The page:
In the Beginning, It Was Not So: Questions to Ask When a Marriage Ends | Amanda Zurface

There are quite a few painful things we experience in life. The ending of a relationship is probably the most hurtful, especially if you thought it was going to be ”forever, and ever. Amen.”

God designed marriage to be permanent. But, what happens when your marriage, doesn’t live up to this design and ends prematurely? 

The Church, in her care, wants to walk with you in these challenging moments. Especially to help you answer the difficult question, “What happened?”

The Marriage Nullity Process

Many think annulments, more appropriately termed, “declarations of nullity,” are Catholic divorces. That’s a big misunderstanding. I want to be as transparent as possible on this point: annulments are not Catholic divorces. If they were, I would not be in this line of work. Annulments have a specific purpose: the salvation of our souls. And the salvation of souls is something I am passionate about. 

A declaration of nullity does not end a valid marriage. Instead, it is a judgment that, due to some defect, the conditions required for a valid marriage were never present, and therefore no valid marriage ever existed. Thus, the annulment process’s goal is only to determine an objective fact: whether the indissoluble bond of marriage ever came into being in the first place.

You see, no one has the power to end a valid marriage. As I said, marriage is a lifelong union, and you can’t end something validly consented to before God. Only he can do that, and well, he doesn’t; “til death do us part,” remember?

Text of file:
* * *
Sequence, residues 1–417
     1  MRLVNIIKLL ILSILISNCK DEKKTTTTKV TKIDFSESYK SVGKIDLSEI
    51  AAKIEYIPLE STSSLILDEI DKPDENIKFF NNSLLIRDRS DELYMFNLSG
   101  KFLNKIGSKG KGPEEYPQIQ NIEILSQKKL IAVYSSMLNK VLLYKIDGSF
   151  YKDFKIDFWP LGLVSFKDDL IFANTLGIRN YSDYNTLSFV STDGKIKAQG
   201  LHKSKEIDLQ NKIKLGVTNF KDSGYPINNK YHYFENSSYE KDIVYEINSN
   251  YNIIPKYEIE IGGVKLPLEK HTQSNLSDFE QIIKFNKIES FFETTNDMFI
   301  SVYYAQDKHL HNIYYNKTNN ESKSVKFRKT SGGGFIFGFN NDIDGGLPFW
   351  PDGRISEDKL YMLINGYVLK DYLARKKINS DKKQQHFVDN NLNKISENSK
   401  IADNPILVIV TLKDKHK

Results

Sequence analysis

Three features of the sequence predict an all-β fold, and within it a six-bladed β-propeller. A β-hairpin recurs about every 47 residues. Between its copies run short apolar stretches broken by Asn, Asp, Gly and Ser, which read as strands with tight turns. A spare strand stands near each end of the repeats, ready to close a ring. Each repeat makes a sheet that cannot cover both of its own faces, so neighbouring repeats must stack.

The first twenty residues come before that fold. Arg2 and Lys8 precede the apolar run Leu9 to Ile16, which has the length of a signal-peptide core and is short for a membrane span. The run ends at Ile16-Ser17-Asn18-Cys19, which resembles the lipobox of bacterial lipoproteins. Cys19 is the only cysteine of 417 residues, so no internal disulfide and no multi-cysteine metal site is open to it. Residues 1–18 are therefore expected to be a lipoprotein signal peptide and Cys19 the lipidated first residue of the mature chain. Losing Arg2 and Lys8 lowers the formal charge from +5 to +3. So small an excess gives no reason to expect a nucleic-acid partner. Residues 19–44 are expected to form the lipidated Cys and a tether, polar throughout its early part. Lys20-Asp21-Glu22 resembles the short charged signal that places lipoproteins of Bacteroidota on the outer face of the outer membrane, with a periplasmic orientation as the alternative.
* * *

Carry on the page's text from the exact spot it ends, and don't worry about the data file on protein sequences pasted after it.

What You and I Will Talk About 

If you, or someone you know, has been contemplating approaching the Church about an annulment, here are the steps I will take with you if you want to begin the process: 

  1. We have an initial Zoom or telephone call. First and foremost, we pray together. We talk through what an annulment is and its purpose. The petitioner (you) and I need to understand: why you are seeking an annulment now. Are you looking to heal? Do you want to marry validly in the Church?
     
  1. During that same call, I introduce you to the application, also known as a “libellus.” The application is a petition you submit saying, I have reason to believe my marriage was never valid.  This is the petition you will submit to the Tribunal (the official court of the Catholic Church, which is established in each diocese by the bishop).

    The Tribunal officials will study your application when they consider accepting or rejecting your petition. As we fill out the application, we discuss sacramental history. Were you and your spouse baptized? If so, into what faith traditions? This helps me know what direction to take in the process.

  1. I will invite you to share with me the history of your relationship. We will identify together what may or may not have impacted you or your spouse, giving valid consent. This is important because consent is what makes a marriage. Some people cannot truly give consent because of psychological obstacles, error, or lack of freedom.

    However, some individuals can provide consent, but they intentionally withhold something essential from their consent or attach their consent to a condition of some sort.

    If we identify there was a defect of consent (incapacity, ignorance, error about the person, fraud, error about marriage, simulation, a condition placed, or force of fear involved), I will help you submit a petition to the Tribunal with such defect-of-consent stated.